As creatures, it is essential that we acknowledge that God invariably reveals himself to us this way, whether embedded in creation, written in his Word (i.e., the Holy Scriptures from Genesis 1:1 to Revelation 22:21), or incarnate in his Son. Yet, we must affirm that when God condescends to accommodate human likeness, he does so without any sinful tarnishing of thought, word, or deed. Thus, we would be grievously wrong to reason as some do: “God anticipates the future in a way analogous to our own experience.”[1] The fallacy is to forget that we are made after God’s likeness. The error is to project back upon God our creaturely restrictions of qualities we received from him who made us in his image. To regard ourselves as the fundamental reference point for ascribing qualities to God is idolatry which is what the Prophet Isaiah condemns:

You turn things upside down,
as if the potter were thought to be like the clay!
Shall what is formed say to the one who formed it,
“You did not make me”? (Isaiah 29:16)

Throughout the Old Testament, the Creator’s willingness to accommodate himself to his creature’s likeness to make himself known to us prepares for the appointed time when God condescends to take on human likeness in the flesh. Thus, God intentionally inspires the psalmist, David, to compare God to earthly caring fathers.

As a father shows compassion to his children,
so the Lord shows compassion to those who fear him.
For he knows our frame;
he remembers that we are dust (Psalm 103:13–14).

Because God made humans analogous to himself, he delights to be analogized in these appropriate ways by his people—he would not have inspired it if he did not delight in it. He does this because he as the Creator imbued the material and nonmaterial creation with his imprint, reflecting his self-revelatory divine perfections. Made after the Creator’s likeness, we are God’s earthly analogs.[2] Accordingly, God is pleased that we should call him by names obtained from the created realm, names with which the Creator richly endowed and loaned to his creation for this purpose, that his whole creation might resound with his praise.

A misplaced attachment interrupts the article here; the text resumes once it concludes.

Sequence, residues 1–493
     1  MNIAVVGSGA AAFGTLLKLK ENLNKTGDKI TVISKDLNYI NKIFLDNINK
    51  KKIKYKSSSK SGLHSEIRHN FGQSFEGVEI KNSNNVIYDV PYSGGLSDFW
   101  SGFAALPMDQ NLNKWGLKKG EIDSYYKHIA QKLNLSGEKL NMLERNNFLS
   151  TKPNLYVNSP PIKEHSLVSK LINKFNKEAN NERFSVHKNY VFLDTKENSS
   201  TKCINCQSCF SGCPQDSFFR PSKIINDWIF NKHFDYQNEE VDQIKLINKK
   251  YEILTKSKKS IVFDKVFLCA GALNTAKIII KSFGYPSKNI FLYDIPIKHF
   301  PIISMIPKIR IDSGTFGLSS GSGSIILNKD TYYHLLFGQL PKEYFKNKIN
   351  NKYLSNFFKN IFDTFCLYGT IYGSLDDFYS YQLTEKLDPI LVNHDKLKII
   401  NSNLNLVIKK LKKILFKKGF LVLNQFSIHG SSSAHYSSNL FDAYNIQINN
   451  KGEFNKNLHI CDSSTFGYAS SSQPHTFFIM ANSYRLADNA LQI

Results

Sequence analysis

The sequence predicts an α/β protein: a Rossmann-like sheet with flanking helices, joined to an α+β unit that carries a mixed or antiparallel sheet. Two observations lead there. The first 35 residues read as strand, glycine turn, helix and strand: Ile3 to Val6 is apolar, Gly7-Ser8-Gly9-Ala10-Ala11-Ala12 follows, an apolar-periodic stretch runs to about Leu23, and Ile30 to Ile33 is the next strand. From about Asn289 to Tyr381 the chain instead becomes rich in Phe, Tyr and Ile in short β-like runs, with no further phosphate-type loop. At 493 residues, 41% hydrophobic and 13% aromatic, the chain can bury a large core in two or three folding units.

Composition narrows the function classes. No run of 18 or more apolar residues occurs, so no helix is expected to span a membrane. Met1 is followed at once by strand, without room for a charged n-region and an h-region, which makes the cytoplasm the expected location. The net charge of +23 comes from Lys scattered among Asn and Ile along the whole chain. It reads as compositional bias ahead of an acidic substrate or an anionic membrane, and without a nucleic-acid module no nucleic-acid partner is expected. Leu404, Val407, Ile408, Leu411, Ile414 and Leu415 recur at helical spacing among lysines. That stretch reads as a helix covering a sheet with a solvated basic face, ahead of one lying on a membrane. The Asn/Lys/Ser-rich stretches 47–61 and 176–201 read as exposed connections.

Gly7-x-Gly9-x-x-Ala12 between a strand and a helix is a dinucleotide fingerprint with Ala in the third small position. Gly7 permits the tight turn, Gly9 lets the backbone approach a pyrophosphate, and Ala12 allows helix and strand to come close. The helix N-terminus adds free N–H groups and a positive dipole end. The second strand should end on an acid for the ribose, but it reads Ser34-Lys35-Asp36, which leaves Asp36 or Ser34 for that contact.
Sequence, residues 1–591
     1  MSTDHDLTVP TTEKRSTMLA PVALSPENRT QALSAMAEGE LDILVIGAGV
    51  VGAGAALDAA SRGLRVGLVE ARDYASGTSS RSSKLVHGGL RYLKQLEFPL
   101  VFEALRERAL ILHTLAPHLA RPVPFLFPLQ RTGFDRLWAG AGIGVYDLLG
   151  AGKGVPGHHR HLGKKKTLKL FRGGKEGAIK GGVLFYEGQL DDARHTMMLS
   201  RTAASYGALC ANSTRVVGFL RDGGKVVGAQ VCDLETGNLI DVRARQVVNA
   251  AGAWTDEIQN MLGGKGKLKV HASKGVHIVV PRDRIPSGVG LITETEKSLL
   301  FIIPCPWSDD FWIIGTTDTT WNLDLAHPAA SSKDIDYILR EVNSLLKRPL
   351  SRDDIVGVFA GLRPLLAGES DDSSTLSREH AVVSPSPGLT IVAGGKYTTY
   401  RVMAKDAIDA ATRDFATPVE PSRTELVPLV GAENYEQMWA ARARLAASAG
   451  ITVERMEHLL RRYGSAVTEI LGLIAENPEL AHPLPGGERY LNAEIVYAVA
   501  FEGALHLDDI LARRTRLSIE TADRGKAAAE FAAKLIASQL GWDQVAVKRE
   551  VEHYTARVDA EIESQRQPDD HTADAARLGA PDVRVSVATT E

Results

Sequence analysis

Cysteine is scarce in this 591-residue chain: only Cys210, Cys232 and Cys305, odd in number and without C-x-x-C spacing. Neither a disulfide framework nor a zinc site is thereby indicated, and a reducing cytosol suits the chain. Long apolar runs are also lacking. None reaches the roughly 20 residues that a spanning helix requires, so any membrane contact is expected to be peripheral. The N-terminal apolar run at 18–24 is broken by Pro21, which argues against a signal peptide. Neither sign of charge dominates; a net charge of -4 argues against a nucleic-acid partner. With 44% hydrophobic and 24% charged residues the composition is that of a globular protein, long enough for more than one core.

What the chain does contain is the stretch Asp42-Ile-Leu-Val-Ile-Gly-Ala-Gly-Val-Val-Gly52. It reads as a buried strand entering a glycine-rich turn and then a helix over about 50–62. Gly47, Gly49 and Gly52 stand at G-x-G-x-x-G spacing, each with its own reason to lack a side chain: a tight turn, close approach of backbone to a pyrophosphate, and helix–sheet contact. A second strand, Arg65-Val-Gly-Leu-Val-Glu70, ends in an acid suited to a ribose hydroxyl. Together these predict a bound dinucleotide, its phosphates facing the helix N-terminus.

Lord of the SavedLord of the Saved
(by Ken Gentry)

A critique of easy believism and affirmation of Lordship salvation. Shows the necessity of true, repentant faith to salvation.

See more study materials at:

For example, David’s analogy of Psalm 103 above is fitting because God is pleased to be compared to compassionate earthly fathers because he is the Father “from whom every fatherhood [patrilineage] in heaven and on earth is named” (Ephesians 3:15; cf. Matthew 23:9).[3] The entire created order analogically correlates to God, the uncreated, self-existing, eternal one whose invisible traits, including his eternal power and divine nature, have been readily apparent in everything that the Creator brought into existence (cf. Romans 1:19–20).

Like each Stradivarius violin indelibly bears the signature of its craftsman, so God infused his individual works with his glory. True, no one sees God as he is in himself because he is beyond comprehension and his majestic glory exceeds all human perception. Nevertheless, God reveals himself daily in the symphonic beauty of the vast universe, making it impossible for humans to open their eyes without being constrained to . . . .

To complete the article click: here

The Word Became Flesh: An Advent Meditation from John’s Prologue